- Professional scepticism: maintaining independent of the entity and having a questioning mind to thoroughly investigate all evidence presented.
- Professional judgement: use of judgement based on level of expertise, knowledge and training obtained by the auditor.
- Due care: being diligent, applying standards and documenting each stage of the audit process.
Sources of demand for audit and assurance services
- Remoteness: users do not have access to information themselves
- Complexity: users do not have knowledge to be able to make disclosure choices. (through the auditor opinion)
- Competing incentives: users may find it difficult to identify when the incentives of management have been over-represented.
- Reliability: as decisions are being made based on information presented, it is important that it be reliable.
Theoretical frameworks to explain audit demand
- Agency theory: Due to the remoteness of the owners from the entity, the owners have an incentive to hire an auditor to assess information provided by management.
- Information hypothesis: Due to the need for reliable information, users will demand that information be audited to aid in decision making.
- Insurance hypothesis: Investors demand audited financial statements to insure against potential losses.
Demand in a voluntary setting
- More common to voluntarily disclose CSR info in various forms.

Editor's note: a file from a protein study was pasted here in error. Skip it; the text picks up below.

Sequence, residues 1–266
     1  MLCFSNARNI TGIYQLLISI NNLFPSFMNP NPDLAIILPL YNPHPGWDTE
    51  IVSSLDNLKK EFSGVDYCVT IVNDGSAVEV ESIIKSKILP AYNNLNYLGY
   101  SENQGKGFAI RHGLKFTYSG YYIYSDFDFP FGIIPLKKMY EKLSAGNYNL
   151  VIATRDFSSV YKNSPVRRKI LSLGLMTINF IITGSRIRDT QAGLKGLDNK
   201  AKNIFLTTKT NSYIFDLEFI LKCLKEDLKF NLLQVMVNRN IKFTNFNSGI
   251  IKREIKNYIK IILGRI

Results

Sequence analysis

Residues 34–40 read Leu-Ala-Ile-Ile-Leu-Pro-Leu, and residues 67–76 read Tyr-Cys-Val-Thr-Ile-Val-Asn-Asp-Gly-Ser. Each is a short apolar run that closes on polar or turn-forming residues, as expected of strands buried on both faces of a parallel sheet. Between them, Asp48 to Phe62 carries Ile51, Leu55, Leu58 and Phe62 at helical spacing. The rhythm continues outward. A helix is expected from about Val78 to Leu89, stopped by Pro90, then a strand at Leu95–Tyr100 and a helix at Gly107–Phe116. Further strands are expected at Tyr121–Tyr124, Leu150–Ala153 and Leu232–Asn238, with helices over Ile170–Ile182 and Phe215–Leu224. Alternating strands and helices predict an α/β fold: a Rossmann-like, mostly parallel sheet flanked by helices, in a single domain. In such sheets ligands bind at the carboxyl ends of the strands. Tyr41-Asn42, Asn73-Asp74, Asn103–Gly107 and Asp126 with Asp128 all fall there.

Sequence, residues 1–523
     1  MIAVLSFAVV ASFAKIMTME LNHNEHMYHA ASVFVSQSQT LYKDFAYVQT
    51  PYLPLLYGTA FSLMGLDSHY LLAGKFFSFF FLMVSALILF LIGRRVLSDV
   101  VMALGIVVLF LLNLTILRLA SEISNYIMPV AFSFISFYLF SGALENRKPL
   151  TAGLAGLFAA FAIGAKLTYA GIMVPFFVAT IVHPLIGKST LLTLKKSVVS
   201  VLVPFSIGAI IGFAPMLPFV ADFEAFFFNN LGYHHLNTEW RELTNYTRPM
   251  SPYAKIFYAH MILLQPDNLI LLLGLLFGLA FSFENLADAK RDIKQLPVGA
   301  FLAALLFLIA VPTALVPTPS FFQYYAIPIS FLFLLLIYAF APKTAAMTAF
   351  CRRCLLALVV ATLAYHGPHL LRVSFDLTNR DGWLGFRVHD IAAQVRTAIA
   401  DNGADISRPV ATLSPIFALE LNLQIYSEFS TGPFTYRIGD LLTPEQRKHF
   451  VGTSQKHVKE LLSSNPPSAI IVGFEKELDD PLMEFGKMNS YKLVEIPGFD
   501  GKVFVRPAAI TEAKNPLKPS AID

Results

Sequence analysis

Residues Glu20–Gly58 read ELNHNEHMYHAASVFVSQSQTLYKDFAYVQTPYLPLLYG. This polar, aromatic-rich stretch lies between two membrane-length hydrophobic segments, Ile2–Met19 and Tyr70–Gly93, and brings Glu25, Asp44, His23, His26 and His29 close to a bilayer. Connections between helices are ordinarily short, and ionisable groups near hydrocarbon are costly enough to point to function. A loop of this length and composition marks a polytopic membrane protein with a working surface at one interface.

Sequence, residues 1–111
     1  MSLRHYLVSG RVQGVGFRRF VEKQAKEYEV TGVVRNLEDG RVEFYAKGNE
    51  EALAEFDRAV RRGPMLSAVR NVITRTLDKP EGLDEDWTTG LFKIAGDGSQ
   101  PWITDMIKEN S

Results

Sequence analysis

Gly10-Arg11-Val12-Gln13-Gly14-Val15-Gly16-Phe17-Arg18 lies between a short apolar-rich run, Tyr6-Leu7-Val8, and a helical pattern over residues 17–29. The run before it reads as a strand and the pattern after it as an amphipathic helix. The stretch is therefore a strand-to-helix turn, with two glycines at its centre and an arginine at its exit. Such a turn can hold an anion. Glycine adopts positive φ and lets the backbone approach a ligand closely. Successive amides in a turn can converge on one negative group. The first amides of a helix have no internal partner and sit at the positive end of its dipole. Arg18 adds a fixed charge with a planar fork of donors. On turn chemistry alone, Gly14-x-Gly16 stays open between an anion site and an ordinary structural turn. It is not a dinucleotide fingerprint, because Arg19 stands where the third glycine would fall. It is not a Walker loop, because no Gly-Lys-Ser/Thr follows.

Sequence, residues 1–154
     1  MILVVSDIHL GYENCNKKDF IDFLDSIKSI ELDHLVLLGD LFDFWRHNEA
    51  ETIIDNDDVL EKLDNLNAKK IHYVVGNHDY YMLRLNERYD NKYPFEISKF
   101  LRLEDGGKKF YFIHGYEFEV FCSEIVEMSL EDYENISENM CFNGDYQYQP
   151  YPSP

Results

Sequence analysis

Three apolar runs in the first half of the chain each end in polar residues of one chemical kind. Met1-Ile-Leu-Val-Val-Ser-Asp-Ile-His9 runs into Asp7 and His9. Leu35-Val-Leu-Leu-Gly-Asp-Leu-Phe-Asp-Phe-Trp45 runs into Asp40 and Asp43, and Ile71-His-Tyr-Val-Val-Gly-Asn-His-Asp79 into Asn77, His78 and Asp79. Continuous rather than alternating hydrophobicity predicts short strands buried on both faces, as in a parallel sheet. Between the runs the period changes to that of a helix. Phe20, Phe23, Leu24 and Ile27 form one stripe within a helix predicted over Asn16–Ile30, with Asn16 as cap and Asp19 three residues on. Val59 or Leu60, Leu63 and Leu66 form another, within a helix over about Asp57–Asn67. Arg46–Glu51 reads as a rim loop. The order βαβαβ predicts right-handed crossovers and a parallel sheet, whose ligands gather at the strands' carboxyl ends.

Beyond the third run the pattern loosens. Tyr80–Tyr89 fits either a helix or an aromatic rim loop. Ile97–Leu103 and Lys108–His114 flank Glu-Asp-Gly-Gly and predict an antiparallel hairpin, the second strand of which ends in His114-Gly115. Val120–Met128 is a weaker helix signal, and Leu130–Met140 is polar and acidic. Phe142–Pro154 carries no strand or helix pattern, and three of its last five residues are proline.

- As stakeholders are demanding info regarding the entity's impact on the environment and actions taken to reduce impact.
- Entities not required to have CSR disclosures assured.
- These services are provided to meet user demands for high quality, reliable info and to demonstrate a high level of corporate social responsibility.
- Assurance services provided by accounting and consulting firms.
- 3 tiers of assurance providers in Australia
- First tier comprise of the Big 4- Deloitte, EY, KPMG, PWC
- Mid tier comprises of firms with significant presence and most have international affiliations.
- Next tier made up of regional and local accounting firms.
The role of regulators and regulations
- Financial reporting council (FRC): oversees the process used for setting accounting and auditing standards. Also monitors and reports on auditor independence. Don't really play active role.
International auditing and assurance standards board
- Auditing and assurance standards board (AUASB): responsible for the formulation of auditing standards.